Anyway. There will be shows that blow minds—six drum sets on the field for “Sing, Sing, Sing” comes to mind (not written by Benny Goodman actually, but by Louis Prima? Really?)—but there will be lots of geometrical shapes in your future as well. Sigh.

For definition’s sake: In a marching band, there is a position known as “drum major,” or “field director.” This is a position of student leadership, usually filled by a senior or seniors who have conducted themselves admirably in a strong marching band career and who pass a vigorous audition. It is the drum major or the field directors who actually direct the marching band during a show while the band director actually sits up in the press box and video tapes the whole thing so he can watch it later and tell you all what you did wrong.

The person or people who fill this position always start out as the most awesome people you know, and the experience makes them even better people. At least I think that’s how it works. These people seem to preternaturally exude leadership, charisma, showmanship, and generally good nature. This was true of every person who played this role every year I was at high school.

But every one of them was trying to be Pete Schoettler.

Pete was the last of the Kent Roosevelt marching band old guard, the last drum major, the last to wear the Q-Tip hat, the last to wield a baton. The following year, we went to field directors, and I do not want to belittle the considerable talents of those student leaders. But if you asked any of them through the years what one person inspired them, what one person served as their model, there’s not a one of them who’d not come back to Mr. Schoettler.

Pete was iconic in this role. If Elvis, if Einstein, if Tiger Woods had instead aspired to lead a high school marching band, they would have been Pete Schoettler. He was the role; he defined the role; he created and mastered the balance among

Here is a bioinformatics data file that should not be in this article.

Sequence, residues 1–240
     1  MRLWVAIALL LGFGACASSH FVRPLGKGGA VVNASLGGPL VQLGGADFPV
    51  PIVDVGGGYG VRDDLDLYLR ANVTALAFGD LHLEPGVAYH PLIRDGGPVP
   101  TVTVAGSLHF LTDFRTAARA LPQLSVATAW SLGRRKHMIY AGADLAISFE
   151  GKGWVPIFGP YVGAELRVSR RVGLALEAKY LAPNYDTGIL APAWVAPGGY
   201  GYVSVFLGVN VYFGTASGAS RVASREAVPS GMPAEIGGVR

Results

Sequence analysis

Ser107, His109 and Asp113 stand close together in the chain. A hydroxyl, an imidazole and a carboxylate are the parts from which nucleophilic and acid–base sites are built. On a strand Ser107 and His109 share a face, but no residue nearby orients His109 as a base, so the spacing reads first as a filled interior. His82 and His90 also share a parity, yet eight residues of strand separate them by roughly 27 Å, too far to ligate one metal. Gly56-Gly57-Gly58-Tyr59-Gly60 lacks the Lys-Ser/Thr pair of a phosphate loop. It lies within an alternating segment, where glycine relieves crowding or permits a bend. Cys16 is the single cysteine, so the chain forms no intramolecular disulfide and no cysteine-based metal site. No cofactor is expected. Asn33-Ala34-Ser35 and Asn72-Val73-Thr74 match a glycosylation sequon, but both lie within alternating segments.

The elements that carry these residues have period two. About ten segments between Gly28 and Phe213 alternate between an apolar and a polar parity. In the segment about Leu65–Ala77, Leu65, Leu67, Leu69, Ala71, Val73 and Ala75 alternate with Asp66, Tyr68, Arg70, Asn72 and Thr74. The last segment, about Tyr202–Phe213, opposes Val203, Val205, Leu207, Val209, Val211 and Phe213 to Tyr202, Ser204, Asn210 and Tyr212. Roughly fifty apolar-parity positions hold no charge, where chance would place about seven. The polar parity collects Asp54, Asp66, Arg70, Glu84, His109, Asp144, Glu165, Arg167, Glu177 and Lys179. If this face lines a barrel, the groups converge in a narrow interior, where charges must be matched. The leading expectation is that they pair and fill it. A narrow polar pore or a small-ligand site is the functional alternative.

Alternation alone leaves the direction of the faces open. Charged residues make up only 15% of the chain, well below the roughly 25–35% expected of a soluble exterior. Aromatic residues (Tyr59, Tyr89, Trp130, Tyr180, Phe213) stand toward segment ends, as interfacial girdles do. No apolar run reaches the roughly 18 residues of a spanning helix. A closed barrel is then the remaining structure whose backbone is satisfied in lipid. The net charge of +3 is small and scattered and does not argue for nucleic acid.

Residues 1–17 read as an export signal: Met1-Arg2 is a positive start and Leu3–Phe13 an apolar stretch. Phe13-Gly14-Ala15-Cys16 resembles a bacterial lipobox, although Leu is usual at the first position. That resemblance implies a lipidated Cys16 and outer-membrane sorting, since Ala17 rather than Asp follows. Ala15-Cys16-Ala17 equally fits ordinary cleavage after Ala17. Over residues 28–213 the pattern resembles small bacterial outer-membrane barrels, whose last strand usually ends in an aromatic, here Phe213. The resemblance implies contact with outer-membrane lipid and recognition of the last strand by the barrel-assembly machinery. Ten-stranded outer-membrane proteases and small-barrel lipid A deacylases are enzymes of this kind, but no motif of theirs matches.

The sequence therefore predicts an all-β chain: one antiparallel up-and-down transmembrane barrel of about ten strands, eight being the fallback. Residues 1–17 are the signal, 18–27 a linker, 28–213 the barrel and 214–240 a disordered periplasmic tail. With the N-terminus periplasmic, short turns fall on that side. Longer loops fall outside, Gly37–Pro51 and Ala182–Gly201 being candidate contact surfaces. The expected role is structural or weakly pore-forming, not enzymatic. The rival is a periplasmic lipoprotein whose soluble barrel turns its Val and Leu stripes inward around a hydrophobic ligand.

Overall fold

showman, mentor, and commanding officer that is needed for the job. I am convinced that the four years of excellence our marching band was able to achieve would not have been possible without the leadership of Pete Schoettler. By example, he inspired at least four years of young performers who were so privelged as to have marched and played under his mentoring.

Schoettler’s obituary says he died in August, but I have just today learned of it. He’d gone to Juliard and had a Ph.D. from NYU; and I quote: “…he also transcribed the Renaissance madrigals of Carlo Gesualdo for brass quintet (for his doctoral dissertation).” Always impressive, he died a law student.

But in Kent Roosevelt High School marching band, Pete Schoettler held an important historical role, and he executed it brilliantly. He was the last drum major. I like to think that after Pete, they needed two people to do a job he did alone. Pete was the end of an era. And his brilliance and his integrity were rare but were so powerfully staying that they became a part of the atmosphere at my high school.

I just thought I might mention it.